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      Download the Game Design and Indie Game Marketing Freebook   07/19/17

      GameDev.net and CRC Press have teamed up to bring a free ebook of content curated from top titles published by CRC Press. The freebook, Practices of Game Design & Indie Game Marketing, includes chapters from The Art of Game Design: A Book of Lenses, A Practical Guide to Indie Game Marketing, and An Architectural Approach to Level Design. The GameDev.net FreeBook is relevant to game designers, developers, and those interested in learning more about the challenges in game development. We know game development can be a tough discipline and business, so we picked several chapters from CRC Press titles that we thought would be of interest to you, the GameDev.net audience, in your journey to design, develop, and market your next game. The free ebook is available through CRC Press by clicking here. The Curated Books The Art of Game Design: A Book of Lenses, Second Edition, by Jesse Schell Presents 100+ sets of questions, or different lenses, for viewing a game’s design, encompassing diverse fields such as psychology, architecture, music, film, software engineering, theme park design, mathematics, anthropology, and more. Written by one of the world's top game designers, this book describes the deepest and most fundamental principles of game design, demonstrating how tactics used in board, card, and athletic games also work in video games. It provides practical instruction on creating world-class games that will be played again and again. View it here. A Practical Guide to Indie Game Marketing, by Joel Dreskin Marketing is an essential but too frequently overlooked or minimized component of the release plan for indie games. A Practical Guide to Indie Game Marketing provides you with the tools needed to build visibility and sell your indie games. With special focus on those developers with small budgets and limited staff and resources, this book is packed with tangible recommendations and techniques that you can put to use immediately. As a seasoned professional of the indie game arena, author Joel Dreskin gives you insight into practical, real-world experiences of marketing numerous successful games and also provides stories of the failures. View it here. An Architectural Approach to Level Design This is one of the first books to integrate architectural and spatial design theory with the field of level design. The book presents architectural techniques and theories for level designers to use in their own work. It connects architecture and level design in different ways that address the practical elements of how designers construct space and the experiential elements of how and why humans interact with this space. Throughout the text, readers learn skills for spatial layout, evoking emotion through gamespaces, and creating better levels through architectural theory. View it here. Learn more and download the ebook by clicking here. Did you know? GameDev.net and CRC Press also recently teamed up to bring GDNet+ Members up to a 20% discount on all CRC Press books. Learn more about this and other benefits here.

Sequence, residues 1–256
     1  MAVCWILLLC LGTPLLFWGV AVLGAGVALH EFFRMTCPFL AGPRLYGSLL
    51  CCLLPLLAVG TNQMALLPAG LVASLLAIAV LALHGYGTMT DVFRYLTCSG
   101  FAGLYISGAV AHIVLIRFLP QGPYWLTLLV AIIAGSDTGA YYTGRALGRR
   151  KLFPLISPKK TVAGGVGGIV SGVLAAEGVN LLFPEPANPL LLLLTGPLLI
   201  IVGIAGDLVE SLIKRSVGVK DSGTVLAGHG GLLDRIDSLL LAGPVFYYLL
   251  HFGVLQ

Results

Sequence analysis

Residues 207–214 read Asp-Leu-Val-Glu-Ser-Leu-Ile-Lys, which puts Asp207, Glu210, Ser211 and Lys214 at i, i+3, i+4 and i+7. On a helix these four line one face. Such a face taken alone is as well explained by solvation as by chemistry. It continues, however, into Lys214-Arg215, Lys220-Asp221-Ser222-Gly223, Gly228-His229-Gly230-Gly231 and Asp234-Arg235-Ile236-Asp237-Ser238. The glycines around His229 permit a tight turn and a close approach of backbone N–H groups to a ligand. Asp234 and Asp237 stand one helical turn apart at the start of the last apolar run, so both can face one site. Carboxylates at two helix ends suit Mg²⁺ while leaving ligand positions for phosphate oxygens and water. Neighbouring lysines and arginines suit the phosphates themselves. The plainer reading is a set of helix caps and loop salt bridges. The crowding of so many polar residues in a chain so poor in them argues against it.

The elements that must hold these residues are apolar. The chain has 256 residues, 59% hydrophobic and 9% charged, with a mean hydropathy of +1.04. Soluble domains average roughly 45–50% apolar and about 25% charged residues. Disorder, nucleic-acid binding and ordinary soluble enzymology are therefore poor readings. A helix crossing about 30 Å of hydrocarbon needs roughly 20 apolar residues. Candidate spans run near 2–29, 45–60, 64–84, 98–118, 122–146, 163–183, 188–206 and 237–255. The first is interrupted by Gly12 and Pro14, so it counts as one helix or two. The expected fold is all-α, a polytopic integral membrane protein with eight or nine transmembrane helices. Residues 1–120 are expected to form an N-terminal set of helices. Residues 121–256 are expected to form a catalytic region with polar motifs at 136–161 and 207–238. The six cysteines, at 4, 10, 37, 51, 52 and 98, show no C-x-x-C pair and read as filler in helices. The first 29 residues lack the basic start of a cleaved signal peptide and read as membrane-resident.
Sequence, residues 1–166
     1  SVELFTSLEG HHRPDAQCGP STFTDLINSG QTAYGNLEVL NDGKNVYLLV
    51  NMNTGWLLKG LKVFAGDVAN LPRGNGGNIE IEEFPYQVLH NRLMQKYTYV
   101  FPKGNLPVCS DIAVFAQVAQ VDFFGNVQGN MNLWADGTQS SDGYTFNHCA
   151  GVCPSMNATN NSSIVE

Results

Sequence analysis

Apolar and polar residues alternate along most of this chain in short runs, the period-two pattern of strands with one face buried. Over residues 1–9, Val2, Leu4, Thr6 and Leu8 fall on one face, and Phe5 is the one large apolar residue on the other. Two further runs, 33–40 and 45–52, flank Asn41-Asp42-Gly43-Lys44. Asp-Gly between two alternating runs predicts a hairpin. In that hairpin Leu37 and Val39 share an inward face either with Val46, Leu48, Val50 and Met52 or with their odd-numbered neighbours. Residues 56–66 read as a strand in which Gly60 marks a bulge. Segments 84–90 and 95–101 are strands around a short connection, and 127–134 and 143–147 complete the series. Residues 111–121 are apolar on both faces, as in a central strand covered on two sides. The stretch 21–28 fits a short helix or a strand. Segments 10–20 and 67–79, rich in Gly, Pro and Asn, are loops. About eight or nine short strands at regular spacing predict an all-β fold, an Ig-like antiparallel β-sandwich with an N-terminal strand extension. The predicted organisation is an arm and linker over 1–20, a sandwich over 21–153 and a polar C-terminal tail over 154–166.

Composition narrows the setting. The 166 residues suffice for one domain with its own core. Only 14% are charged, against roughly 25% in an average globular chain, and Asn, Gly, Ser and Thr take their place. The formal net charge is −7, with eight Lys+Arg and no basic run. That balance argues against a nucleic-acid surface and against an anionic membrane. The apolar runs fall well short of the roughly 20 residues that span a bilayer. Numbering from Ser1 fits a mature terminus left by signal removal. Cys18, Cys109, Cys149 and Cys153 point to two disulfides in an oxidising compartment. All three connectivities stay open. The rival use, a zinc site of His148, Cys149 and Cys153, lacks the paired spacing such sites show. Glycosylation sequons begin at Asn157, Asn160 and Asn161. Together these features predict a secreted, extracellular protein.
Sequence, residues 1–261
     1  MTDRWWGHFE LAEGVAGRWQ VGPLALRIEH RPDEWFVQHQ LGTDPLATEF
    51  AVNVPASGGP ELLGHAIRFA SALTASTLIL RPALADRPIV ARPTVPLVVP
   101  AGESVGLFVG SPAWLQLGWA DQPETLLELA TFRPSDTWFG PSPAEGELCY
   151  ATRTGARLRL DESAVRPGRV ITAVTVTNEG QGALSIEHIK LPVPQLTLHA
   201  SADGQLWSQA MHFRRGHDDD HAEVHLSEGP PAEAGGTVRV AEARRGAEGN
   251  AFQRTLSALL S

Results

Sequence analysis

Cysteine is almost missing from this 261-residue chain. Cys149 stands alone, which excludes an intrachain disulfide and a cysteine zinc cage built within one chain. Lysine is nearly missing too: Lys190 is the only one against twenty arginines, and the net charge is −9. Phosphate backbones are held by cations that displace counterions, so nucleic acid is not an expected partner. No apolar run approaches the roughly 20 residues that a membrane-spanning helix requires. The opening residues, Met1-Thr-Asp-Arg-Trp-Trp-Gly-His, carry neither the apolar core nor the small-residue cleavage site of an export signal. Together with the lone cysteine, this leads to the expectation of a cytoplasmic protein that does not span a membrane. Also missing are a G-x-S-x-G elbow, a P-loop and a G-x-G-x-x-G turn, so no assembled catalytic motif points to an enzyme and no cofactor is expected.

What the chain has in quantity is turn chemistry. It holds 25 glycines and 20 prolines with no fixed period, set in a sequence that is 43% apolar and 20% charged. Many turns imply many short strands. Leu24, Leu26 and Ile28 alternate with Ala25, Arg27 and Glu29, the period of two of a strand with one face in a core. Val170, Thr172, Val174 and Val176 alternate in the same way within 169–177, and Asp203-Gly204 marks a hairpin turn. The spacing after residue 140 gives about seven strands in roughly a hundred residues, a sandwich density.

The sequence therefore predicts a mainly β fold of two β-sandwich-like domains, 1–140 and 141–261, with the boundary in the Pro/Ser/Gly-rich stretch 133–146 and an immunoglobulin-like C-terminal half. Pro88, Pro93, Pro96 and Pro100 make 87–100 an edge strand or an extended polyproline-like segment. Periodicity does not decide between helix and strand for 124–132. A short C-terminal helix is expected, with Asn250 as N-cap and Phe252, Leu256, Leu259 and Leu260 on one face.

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superman3275

For Beginners: The Importance Of Object Oriented Design

7 posts in this topic

[sub][size=5]We got good stuff here! Amazing how each time that I come to this website the people, information, and help causes my understanding to grow.[/size][/sub]

[sub][size=5]Thanks, so much! [img]http://public.gamedev.net//public/style_emoticons/default/biggrin.png[/img] [/size][/sub]


[sub][size=5]Clinton[/size][/sub]
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[quote name='HappyCoder' timestamp='1350158468' post='4989876']
Assertions

Assertions are great for catching bugs right when arise rather than when their effects have been propagated through your code. Whenever you write a function and you are making assumptions on the data you are going to operate on. Put this assumptions on as assertions. For example.

public void foo(int index)
{
assert index >= 0;
// do stuff
}

public bool binarySearch(Array data, int value)
{
assert isSorted(data);
// do search
}


These assertions will take more processing time in a debug environment but once you release the final product they will be gone. Using assertions is very useful for tracking down bugs early rather than later. It is almost counter intuitive but making your program crash when something is wrong rather than silently ignoring it will result is code has less bugs as it will help you track down problems sooner. If you aren't familiar with assertions I would definitely look into it.
[/quote]
I think when talking about assertiions there should be a discussion of when to use assertions and when to use exceptions. I'm not saying for you to do it. But the question has been raised before. And beginners tend to think that one can be used for the other. Which is not always correct.
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[quote name='TheChubu' timestamp='1350165539' post='4989898']
Now if the input of the binary search method is incorrect, you'd raise an exception. Or at most, use an assertion after trying to sort the collection to check if the sorting algorithm works.
[/quote]
Interesting. I've always wondered about pre-conditions and post-conditions for a method. I thought that something that you'd use assertions for. Whereas exceptions are to handle "unexpected" errors. Edited by Alpha_ProgDes
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This forum isn't a place for people to post resources for beginners, but rather one for beginners to ask questions and engage in discussion. It's not your blog either; this kind of thread is more appropriate for a journal post or for hosting on your own blog.
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